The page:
Is it a cynic or a realist who says that any company that's never had an accounts-receivable problem either isn't looking very hard or isn't selling very hard? Either way, most companies do admit to having bad debt. One way for a business to cut down on difficult collections is to tie salespeople's commissions to the collection of receivables.
The way managers at Macke Business Products, based in Rochester, N.Y., figure it, it all depends on how you define a sale. For 20 years, the office-products distributor has run under the theory that a sale doesn't count until the money comes in. As a result, a salesperson's commission is reduced by 5% if an account is 60 days past due; 10% at 90 days; and lost altogether at 120 days.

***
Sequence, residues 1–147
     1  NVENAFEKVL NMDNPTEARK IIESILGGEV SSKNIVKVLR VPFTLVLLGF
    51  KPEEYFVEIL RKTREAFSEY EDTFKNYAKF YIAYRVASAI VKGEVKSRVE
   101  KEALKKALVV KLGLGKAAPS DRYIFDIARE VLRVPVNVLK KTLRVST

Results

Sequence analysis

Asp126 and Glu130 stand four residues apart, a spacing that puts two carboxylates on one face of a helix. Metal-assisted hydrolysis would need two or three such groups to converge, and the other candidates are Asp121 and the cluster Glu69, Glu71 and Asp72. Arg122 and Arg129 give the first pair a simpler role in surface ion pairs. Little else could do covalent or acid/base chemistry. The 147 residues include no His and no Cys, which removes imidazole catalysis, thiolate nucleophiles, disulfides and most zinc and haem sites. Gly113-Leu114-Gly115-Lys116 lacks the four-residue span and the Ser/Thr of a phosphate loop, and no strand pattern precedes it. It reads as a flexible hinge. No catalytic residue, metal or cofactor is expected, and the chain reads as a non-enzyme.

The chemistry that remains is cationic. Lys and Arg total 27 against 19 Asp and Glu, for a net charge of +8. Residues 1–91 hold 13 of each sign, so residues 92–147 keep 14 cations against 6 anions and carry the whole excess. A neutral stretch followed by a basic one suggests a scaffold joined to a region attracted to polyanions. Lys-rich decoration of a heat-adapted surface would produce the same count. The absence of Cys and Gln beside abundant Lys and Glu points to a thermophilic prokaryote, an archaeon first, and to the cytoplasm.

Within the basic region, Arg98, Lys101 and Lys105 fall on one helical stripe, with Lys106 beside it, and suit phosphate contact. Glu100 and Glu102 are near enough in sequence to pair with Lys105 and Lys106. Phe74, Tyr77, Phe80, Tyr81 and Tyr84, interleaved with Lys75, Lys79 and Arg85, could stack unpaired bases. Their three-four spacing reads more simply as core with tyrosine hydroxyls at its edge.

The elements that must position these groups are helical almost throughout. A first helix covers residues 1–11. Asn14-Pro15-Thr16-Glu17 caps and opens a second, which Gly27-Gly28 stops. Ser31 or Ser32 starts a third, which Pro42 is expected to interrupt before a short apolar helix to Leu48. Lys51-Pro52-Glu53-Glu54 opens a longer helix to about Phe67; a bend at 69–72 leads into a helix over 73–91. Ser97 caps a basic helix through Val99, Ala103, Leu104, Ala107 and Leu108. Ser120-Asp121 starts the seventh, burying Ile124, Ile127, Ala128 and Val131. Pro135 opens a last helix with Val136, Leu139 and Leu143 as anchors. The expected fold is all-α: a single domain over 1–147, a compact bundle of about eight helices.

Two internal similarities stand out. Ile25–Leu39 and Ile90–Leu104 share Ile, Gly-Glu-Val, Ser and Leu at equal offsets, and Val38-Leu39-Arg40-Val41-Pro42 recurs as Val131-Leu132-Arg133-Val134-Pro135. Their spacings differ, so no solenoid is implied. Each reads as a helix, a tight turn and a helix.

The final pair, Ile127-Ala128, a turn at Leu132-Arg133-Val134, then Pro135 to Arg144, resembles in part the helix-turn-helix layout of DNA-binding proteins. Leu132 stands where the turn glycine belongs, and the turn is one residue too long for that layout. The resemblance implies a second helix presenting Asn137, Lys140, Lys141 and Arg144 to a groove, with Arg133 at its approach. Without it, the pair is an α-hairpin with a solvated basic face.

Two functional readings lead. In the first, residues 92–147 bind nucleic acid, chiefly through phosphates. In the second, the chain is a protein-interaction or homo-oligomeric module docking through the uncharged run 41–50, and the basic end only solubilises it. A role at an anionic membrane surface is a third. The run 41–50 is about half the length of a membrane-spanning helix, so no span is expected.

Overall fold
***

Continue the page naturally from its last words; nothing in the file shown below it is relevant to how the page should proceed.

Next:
The assumption is that a call to a delinquent customer from the company's credit department is probably less effective and more alienating than a reminder from the salesperson in charge of the account. As for the sales force itself, the system encourages greater awareness of customers' financial stability. Salespeople go on every sales call with a binder that includes a weekly sales printout, inventory accounts, and the monthly aging reports on that particular account's payment history.